Macartney rose (Rosa bracteata) is a troublesome perennial weed, especially in pastures where cattle strongly avoid grazing within or around the thorny stems. Macartney rose is similar to Cherokee rose (Rosa laevigata) as both have large, white solitary flowers. However, Cherokee rose leaves are generally alternately compound (three leaflets) and Macartney has five-to-nine leaflets. Both of these species are serious pasture weed problems in Alabama, but they are often more problematic on Blackbelt soils.
There has been little research on Macartney rose control since the early 1980s, and there are several new herbicides that have not been tested. In recent years, Alabama Cooperative Extension System professionals set out to to evaluate the efficacy of several of the newer herbicides on Macartney rose. The overall goal of this research was to develop a long-term management system for Macartney rose.
In August 2009, a study was initiated on two pastures in Greene County near Eutaw, Alabama to evaluate the efficacy of seven herbicide products and mowing as means to control Macartney rose. These pastures contained a mixed forage of bermudagrass and bahiagrass and were actively grazed throughout the study. Individual rose clumps were categorized according to size based upon their estimated diameter (<1 m, 1 to 2 m, 2 to 3 m, and 3 to 4 m) and randomly assigned to herbicide treatments. Herbicides were broadcast applied to individual rose clumps with an ATV side-mounted boom sprayer at 35 gallons per acre.
A second study was initiated in March 2017 in a mixed-grass pasture in Lowndes County, Mississippi. The goal of this study was to evaluate the effectiveness of the relatively new herbicide product MezaVue. Established rose clumps of similar size were broadcast treated with a handheld boom sprayer at 20 gallons per acre.
In both of these studies, visual evaluations of herbicide efficacy were recorded at 11 and 13 months after treatment, respectively. The selected herbicide treatments represented several well-known, forage-labeled products used for herbaceous weeds and perennial woody vegetation that is often found along fencerows and in unimproved pastures.
Rose clump size did not significantly influence herbicide efficacy in either pasture. Although the herbicides performed differently between the two pastures, visual control has been averaged across both sites.
MezaVue at 1.5 pints per acre was the most effective treatment from a late-March application. The next best treatments, respectively, were Grazon P+D at 8 pints per acre, Surmount at 4 pints per acre, Chaparral at 3.3 ounces per acre, and Milestone at 7 fluid ounces per acre when applied in August. Each of these treatments resulted in at least 30% control (table 1). Mowing provided no control as rose plants regrew and appeared more vigorous than the untreated controls.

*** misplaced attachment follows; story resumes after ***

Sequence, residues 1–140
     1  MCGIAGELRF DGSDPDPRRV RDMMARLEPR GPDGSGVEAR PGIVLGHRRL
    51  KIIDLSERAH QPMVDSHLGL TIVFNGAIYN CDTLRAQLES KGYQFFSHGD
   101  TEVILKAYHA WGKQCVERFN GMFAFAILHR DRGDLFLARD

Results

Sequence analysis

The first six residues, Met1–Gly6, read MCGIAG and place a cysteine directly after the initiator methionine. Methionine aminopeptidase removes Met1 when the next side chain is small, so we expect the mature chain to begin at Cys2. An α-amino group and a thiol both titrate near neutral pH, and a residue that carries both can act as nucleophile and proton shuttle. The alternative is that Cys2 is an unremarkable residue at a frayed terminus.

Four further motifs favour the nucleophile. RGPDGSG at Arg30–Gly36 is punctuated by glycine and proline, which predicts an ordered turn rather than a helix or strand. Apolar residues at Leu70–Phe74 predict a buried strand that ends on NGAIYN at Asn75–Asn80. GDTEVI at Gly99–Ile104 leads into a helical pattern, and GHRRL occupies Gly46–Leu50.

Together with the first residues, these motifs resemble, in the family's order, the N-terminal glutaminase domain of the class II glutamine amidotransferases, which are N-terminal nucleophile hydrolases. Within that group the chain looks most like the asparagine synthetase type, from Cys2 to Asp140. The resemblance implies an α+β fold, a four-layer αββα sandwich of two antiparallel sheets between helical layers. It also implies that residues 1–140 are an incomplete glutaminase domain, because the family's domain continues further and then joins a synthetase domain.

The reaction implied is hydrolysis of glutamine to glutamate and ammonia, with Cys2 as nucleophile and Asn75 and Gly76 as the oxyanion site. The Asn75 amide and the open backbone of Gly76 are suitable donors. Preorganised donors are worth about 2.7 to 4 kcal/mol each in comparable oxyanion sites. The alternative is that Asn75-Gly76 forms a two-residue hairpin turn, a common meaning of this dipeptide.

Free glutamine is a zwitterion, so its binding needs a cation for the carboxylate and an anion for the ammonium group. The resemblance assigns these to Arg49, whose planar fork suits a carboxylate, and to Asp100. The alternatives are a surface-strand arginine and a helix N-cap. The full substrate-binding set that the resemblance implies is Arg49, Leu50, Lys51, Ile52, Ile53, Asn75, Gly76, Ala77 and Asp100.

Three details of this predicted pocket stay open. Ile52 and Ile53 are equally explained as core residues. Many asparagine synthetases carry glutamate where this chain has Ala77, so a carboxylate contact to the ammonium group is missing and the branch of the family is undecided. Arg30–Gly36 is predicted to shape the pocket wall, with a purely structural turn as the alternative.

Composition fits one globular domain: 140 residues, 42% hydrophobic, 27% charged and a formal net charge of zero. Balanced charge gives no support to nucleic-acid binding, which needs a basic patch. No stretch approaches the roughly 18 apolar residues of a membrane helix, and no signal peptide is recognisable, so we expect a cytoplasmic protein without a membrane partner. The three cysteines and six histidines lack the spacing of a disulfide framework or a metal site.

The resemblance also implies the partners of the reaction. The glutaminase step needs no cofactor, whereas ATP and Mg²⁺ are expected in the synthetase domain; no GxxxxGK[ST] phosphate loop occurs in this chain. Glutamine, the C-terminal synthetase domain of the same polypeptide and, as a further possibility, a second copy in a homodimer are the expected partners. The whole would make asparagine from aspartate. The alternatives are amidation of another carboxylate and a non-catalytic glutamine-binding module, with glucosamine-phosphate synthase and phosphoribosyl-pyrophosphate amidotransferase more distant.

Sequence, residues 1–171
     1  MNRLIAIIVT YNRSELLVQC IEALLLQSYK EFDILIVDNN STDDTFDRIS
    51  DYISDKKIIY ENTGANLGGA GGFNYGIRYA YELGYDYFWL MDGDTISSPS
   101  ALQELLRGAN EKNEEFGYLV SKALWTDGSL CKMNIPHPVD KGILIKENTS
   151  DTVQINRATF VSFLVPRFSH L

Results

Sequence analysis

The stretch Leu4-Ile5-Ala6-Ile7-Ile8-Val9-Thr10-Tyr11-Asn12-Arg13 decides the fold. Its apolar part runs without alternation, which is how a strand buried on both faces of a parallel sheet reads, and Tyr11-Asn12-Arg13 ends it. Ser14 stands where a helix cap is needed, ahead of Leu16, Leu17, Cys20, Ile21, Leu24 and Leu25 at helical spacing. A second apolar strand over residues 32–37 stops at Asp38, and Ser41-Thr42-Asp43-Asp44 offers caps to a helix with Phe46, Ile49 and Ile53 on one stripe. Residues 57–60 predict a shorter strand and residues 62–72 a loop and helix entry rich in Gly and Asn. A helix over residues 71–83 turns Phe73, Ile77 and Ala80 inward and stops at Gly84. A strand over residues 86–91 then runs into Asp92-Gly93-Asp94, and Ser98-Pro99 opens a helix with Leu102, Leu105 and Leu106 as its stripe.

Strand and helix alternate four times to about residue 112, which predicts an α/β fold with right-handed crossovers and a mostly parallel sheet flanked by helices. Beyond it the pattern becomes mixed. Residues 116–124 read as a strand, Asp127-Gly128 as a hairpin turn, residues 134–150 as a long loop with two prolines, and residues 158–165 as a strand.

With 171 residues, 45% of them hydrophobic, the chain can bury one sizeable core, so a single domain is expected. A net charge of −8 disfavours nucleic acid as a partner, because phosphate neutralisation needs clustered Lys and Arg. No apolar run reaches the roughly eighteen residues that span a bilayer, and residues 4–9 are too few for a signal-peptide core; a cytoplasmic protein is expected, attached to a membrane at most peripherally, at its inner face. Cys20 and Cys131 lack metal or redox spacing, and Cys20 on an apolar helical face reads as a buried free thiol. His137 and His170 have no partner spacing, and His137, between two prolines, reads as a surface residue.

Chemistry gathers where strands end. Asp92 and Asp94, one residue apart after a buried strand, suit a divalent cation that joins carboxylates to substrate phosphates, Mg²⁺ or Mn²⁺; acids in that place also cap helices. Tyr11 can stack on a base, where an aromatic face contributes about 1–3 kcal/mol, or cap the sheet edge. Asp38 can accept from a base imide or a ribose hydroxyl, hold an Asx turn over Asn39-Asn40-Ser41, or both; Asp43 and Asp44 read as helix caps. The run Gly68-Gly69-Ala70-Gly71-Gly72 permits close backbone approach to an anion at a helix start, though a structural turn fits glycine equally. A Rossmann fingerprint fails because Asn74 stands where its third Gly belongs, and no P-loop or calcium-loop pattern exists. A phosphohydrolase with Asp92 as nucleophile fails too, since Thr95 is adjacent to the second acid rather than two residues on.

These results suggest the active ingredient picloram has good activity on Macartney rose since it is found in the top three most effective treatments MezaVue, Grazon P+D, and Surmount. To use these restricted-use products, people must have a pesticide applicator license. Whether treating Macartney rose in late-March or August, it is important to ensure the following:
- the plants’ leaves are fully expanded
- the plants are actively growing
- the herbicide adequately covers the plant canopy with increased spray volume
These results indicate that Macartney rose is extremely difficult to control in pastures, and repeated treatment with effective herbicide product is necessary. Remember to read and follow all label directions prior to herbicide use.
Table 1. Average Visual Control From Broadcast Foliar Application of Forage-Labeled Herbicides*
*A non-ionic surfactant (NIS) was included at 0.25% volume per volume for all spray treatments.
|Treatment||Product Rate (per acre)||Average Control (%)|
|Grazon P+D||8 pints||36|
|Milestone||7 fluid ounces||32|
|Grazon P+D||4 pints||28|
|Chaparral+Remedy Ultra||2.5 ounces + 1 pint||25|
|GrazonNext+Remedy Ultra||2.6 pints + 1 pint||21|
|Remedy Ultra||1 pint||11|
|Remedy Ultra||2 pint||9|
Trade and brand names used in this publication are given for information purposes only. No guarantee, endorsement, or discrimination among comparable products is intended or implied by the Alabama Cooperative Extension System